These 3D models are modern artifacts and direct descendents of the plaster cast tradition, which is poised for a 3D captured, 3D printed, digital renaissance. They are to my knowledge the first high-quality 3D surveys of these works to be freely published, and I am pleased to be able to offer you direct access to their ancient, enigmatic, and graceful contours, which descend to us through an unbroken chain from antiquity -- from Greek and Roman temple and palace ruins, rocky shorelines and farmers' fields, to museums all over the world, to the Skulpturhalle, through my camera lens, to you.

-- Cosmo Wenman
http://cosmowenman.com
http://twitter.com/CosmoWenman


For an archive of this project's progress, see http://www.throughascanner.com.
For media mentions, see: http://cosmowenman.wordpress.com/media-mentions/


Acknowledgments:

This project was made possible by the financial support of Autodesk's Reality Capture division. My thanks to Tatjana Dzambazova and Brian Mathews there for making it happen, and to the people in Autodesk's Reality Capture and 123D teams, who make incredible products. http://recap.autodesk.com + http://123dapp.com

Thanks to Dr. Tomas Lochman, director of the Skulpturhalle Basel museum, for giving me access to the museum and allowing me to conduct this experiment in extending the reach of its incredible collection and the spirit that informed its creation. http://www.skulpturhalle.ch

I'd also like to thank the following:

Bernard Frischer, Professor of Informatics and Director of the Virtual World Heritage Laboratory, Indiana University, for his advice on where to try this experiment (e dove non), and for introducing me to Dr. Lochman. http://frischerconsulting.com/frischer/projects.html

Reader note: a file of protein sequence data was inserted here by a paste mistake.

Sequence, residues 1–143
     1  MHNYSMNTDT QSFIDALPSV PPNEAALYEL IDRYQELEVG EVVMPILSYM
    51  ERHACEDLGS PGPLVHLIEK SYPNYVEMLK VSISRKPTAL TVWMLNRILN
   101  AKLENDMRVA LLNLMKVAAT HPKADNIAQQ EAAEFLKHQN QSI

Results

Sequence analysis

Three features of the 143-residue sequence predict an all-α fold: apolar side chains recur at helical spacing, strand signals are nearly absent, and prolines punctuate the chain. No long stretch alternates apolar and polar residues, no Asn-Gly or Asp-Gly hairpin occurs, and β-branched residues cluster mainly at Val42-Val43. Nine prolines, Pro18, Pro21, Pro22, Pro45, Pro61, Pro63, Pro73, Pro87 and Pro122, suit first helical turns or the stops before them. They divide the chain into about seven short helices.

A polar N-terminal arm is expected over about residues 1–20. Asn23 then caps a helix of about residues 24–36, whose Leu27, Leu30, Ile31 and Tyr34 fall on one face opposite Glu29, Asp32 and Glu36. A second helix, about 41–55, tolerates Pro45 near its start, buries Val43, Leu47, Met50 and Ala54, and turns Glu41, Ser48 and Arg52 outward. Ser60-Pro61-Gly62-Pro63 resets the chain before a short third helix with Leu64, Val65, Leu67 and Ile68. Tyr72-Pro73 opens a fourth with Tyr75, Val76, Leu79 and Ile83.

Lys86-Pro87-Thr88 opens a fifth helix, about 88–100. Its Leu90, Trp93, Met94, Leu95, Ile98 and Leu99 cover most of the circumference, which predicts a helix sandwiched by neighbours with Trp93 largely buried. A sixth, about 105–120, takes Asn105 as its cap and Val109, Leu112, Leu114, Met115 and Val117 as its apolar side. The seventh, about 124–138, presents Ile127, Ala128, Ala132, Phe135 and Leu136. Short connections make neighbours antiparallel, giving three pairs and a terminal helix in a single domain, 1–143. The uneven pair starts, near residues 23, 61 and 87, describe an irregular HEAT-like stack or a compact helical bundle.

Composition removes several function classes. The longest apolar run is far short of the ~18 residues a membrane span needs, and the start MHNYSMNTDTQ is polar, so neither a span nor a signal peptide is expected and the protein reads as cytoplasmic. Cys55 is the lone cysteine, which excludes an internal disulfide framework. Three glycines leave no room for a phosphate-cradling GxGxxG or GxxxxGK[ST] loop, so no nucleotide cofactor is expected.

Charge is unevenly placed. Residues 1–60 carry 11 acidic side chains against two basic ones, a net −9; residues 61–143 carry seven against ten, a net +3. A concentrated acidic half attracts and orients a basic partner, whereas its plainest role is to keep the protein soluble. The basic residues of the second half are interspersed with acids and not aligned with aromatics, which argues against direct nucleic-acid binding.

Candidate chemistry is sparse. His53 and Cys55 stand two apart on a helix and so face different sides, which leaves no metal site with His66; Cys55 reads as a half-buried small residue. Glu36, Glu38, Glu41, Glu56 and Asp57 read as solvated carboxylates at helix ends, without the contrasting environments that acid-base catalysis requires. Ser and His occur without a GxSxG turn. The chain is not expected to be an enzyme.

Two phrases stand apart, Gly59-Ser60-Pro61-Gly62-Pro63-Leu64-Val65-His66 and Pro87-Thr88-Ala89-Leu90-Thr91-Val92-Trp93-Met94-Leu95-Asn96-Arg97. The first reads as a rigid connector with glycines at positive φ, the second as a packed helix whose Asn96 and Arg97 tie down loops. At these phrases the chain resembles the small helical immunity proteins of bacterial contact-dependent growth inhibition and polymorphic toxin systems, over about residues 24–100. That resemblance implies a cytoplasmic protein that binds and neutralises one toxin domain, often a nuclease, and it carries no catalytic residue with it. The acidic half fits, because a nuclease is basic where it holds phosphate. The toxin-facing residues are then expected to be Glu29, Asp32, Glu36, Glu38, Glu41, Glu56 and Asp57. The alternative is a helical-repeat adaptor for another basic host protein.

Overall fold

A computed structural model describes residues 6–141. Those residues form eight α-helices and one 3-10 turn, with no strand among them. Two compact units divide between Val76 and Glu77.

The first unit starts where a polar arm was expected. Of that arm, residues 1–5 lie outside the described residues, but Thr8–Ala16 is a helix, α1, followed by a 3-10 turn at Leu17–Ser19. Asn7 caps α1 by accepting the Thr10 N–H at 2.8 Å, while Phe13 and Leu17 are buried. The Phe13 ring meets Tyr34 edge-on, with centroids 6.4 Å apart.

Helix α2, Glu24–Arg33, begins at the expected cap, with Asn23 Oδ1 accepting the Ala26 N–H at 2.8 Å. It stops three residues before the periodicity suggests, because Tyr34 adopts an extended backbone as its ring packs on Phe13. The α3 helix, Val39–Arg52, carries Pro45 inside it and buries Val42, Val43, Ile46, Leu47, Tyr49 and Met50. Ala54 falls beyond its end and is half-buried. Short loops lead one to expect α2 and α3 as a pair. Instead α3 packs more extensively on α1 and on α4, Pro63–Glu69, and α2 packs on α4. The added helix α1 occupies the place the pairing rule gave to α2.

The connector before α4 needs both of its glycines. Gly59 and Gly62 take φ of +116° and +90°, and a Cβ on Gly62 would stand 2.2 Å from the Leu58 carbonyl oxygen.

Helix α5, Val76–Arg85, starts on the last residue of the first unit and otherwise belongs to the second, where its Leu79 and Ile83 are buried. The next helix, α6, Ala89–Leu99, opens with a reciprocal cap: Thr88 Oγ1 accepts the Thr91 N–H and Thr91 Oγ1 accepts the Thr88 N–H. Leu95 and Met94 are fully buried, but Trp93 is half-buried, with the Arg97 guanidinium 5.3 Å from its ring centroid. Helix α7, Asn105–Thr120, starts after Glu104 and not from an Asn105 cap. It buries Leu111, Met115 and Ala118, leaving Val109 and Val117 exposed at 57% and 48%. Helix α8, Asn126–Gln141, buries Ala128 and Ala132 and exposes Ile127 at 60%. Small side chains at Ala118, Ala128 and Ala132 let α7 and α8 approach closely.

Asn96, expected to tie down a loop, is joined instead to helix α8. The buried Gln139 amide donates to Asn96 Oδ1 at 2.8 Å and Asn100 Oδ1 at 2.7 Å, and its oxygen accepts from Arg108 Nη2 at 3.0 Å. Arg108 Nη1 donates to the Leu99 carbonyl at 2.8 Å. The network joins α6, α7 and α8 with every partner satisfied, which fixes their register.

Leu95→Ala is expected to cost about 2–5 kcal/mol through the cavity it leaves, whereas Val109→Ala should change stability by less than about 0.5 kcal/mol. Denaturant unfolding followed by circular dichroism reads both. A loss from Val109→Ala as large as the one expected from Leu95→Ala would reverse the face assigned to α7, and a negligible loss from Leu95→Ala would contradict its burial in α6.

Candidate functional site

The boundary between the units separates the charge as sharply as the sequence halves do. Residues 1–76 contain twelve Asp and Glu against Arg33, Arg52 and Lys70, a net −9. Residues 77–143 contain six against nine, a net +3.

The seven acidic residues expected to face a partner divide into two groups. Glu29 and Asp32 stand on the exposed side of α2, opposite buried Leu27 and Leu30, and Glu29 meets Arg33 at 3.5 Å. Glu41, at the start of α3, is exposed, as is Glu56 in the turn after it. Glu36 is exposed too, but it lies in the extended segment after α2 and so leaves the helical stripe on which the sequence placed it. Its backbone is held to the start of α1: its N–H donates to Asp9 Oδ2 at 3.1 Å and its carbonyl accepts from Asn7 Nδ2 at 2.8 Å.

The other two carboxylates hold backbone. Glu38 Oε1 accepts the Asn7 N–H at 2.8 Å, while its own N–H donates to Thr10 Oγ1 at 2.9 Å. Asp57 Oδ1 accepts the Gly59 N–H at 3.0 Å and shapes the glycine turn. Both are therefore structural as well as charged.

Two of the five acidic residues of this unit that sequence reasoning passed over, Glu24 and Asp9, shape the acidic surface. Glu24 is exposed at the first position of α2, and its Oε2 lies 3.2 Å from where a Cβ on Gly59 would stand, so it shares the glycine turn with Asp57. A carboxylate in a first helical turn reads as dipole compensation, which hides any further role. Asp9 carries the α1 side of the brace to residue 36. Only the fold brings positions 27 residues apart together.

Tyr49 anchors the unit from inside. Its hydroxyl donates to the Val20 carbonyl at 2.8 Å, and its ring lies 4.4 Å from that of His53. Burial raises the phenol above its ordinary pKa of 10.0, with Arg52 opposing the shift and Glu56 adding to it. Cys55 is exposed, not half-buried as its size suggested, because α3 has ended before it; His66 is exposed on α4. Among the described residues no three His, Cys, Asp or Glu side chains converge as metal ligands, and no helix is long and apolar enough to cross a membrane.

FARO, for making a FARO Scanarm Edge laser scanner available to me, and to FARO's Florian Fuenfschilling and Chris Bartschat for their expertise operating it and grabbing some laser scans of additional pieces for me. http://faro.com

Ralph Wiedemeier, who made and lent me a custom, 10' tall tripod on wheels that was absolutely critical. He even delivered it to me from Zurich. http://framefactory.ch

Bre Pettis and Kio Stark for early feedback and advice on my Kickstarter campaign. http://brepettis.com + http://kiostark.com

MakerBot for featuring my Kickstarter on Thingiverse.

Kerry Hogarth of the 3D Printshow, for giving me tickets to the London, Paris, and New York shows to use as Kickstarter rewards, and for exhibition space there to show off the project's results. http://3dprintshow.com

Susan Self for her help promoting the Kickstarter to the media. [email protected]

Virginia Postrel for her advice and help telling the story of the bigger picture as it's been coming into focus. http://vpostrel.com/power-of-glamour